I do agree about the filter though, your probably better off without it. (:

&& the Aqueon "Betta-bow" aquarium has a hood. (:
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Old 01-08-2013, 12:14 PM   #8 
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Personally I use a sponge filter in my 2.5. I have a valve on the airline and I have the bubbles to a gentle flow which doesn't bother my delta tail at all. As a matter of fact I will catch him laying on the sponge. (maybe he likes a softer bed) LOL
You have done extremly well for someone with a 'surprise' child. Yes, heat is the most important thing. Quality food (I only use Omega One) and as long as you don't overfeed you should enjoy your 'newbie' for a long time.
Just be very careful...........these little guys are addicting!!!!!!
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Old 01-08-2013, 12:52 PM   #9 
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Hey i think it matter of preference how you do water changes. I personally think the more water changes the better. It nothing wrong with 2-50% and 1-100% a week I do 100% water change every 4 -6 days for my 2.5 and my 5 gall tanks. You just need to acclimate betta properly to new water so he don't get stressed.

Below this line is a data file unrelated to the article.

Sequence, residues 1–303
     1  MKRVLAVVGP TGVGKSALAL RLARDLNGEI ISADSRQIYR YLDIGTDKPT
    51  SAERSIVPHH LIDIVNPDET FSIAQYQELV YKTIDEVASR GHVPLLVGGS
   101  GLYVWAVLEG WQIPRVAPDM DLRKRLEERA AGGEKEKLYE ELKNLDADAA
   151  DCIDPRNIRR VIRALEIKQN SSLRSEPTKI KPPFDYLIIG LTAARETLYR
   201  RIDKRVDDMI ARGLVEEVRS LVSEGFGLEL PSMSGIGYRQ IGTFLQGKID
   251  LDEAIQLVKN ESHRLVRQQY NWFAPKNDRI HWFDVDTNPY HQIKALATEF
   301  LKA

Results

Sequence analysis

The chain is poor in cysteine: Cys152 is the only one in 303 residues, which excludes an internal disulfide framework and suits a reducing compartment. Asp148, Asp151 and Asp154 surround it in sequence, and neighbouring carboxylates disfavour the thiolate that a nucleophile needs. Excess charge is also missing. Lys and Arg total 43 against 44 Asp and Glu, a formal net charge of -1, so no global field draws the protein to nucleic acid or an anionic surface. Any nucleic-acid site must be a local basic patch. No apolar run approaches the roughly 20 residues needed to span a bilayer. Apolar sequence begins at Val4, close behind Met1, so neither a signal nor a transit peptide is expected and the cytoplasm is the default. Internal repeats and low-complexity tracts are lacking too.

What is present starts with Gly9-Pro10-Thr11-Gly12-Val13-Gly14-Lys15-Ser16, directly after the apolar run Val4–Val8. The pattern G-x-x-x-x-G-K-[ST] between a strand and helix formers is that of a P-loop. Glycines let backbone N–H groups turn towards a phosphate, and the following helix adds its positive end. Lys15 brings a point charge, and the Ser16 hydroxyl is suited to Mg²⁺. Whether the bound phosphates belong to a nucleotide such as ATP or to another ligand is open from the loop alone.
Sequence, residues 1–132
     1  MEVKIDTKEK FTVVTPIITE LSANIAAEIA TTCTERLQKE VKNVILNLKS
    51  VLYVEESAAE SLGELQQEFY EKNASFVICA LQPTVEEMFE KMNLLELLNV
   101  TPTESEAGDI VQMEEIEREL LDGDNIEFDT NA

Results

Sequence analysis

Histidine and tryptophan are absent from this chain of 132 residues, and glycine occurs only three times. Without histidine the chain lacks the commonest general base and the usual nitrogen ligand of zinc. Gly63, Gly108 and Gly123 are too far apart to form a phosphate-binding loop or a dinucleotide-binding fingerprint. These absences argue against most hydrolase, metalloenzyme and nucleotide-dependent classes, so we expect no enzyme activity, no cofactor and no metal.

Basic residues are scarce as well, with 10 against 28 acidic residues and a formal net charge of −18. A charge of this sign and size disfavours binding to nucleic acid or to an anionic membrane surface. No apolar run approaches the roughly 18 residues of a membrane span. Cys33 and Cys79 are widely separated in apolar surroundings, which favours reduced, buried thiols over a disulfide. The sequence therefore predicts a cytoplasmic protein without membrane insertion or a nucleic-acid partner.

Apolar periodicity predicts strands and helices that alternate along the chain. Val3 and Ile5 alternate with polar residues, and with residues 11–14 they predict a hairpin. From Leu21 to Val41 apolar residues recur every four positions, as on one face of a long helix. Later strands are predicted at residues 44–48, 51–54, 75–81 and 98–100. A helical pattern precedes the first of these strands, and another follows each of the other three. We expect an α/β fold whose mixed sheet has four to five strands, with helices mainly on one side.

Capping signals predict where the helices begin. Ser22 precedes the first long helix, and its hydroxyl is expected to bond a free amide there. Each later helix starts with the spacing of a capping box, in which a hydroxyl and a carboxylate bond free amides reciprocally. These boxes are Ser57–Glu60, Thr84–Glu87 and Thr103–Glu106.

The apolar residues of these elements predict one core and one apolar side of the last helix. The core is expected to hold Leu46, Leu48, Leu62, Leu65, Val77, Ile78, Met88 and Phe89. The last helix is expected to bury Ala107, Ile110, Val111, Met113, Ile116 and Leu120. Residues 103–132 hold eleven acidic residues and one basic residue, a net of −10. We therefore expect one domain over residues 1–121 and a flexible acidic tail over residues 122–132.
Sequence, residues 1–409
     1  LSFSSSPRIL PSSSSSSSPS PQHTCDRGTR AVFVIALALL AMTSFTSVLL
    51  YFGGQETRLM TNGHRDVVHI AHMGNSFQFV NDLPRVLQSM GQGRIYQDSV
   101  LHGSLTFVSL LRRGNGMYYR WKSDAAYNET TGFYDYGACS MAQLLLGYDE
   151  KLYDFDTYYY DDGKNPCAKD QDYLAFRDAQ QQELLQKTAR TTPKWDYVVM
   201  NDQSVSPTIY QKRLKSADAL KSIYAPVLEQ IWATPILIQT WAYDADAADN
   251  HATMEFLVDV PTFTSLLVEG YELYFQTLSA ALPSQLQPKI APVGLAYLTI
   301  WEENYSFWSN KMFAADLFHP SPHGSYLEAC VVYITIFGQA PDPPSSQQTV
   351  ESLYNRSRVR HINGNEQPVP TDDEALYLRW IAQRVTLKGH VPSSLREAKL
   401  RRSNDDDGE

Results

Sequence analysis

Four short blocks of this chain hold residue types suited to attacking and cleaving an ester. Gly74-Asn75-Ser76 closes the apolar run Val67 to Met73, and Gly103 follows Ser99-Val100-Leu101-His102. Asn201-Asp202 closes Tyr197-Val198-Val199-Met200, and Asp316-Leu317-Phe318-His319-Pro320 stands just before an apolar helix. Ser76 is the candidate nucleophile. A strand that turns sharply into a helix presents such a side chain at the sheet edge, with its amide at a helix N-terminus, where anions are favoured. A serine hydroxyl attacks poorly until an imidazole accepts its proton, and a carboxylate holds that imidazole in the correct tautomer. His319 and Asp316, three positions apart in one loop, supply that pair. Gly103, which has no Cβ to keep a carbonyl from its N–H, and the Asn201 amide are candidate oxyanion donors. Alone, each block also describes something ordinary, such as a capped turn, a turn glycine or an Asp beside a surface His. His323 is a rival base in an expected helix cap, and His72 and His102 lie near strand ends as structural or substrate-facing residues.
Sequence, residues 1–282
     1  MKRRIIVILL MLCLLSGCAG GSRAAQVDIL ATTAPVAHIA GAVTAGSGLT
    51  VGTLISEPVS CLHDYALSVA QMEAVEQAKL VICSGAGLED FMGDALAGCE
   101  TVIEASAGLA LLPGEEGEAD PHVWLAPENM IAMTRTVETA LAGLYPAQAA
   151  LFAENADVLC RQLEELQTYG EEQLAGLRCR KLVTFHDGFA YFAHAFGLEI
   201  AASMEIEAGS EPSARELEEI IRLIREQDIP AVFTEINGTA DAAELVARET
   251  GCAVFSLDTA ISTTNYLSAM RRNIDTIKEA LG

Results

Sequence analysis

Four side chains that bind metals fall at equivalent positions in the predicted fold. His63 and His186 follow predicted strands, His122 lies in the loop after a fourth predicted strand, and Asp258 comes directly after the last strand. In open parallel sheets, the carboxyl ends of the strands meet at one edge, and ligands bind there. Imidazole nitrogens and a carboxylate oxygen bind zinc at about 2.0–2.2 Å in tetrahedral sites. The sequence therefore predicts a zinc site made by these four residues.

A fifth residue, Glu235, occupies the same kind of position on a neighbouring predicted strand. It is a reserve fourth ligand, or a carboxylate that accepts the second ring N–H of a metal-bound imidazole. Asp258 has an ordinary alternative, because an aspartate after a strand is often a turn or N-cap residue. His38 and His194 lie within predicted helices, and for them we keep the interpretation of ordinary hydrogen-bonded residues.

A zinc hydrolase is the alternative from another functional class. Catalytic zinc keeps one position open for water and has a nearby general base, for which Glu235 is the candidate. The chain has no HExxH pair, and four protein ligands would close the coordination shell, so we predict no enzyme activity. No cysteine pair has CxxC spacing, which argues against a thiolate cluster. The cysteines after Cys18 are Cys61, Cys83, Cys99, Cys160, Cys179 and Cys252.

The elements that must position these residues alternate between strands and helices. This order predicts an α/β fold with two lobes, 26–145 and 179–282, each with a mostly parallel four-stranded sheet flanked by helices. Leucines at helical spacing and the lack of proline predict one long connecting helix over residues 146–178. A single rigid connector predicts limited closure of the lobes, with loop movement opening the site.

Check out this link and see thread #2 from DragonFish

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Old 01-09-2013, 06:40 PM   #10 
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Thanks to everyone who has posted advice so far! This is such a wonderful forum.

Here's a new question: do I absolutely HAVE to do 100% water changes? It is a pain... Sparkie hates to be cornered and removed, I end up chasing him around with tank for a while, sometimes think I have him but he wriggles/jumps free... I've tried with net and cup and their both really difficult! Plus, it seems that the 100% water change always messes up my plants and stuff somewhat...

I'm wondering if I could do 75-80% changes and it might be enough? With gravel vacuum? Of course, using Prime and being very careful with the water temperature and gentle pouring the water back in....

As a reminder, this is a 2.5 gallon tank with live plants (and I plan to get more plants) and a gentle/mild filter.

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ammonia, beginner, cycling, filter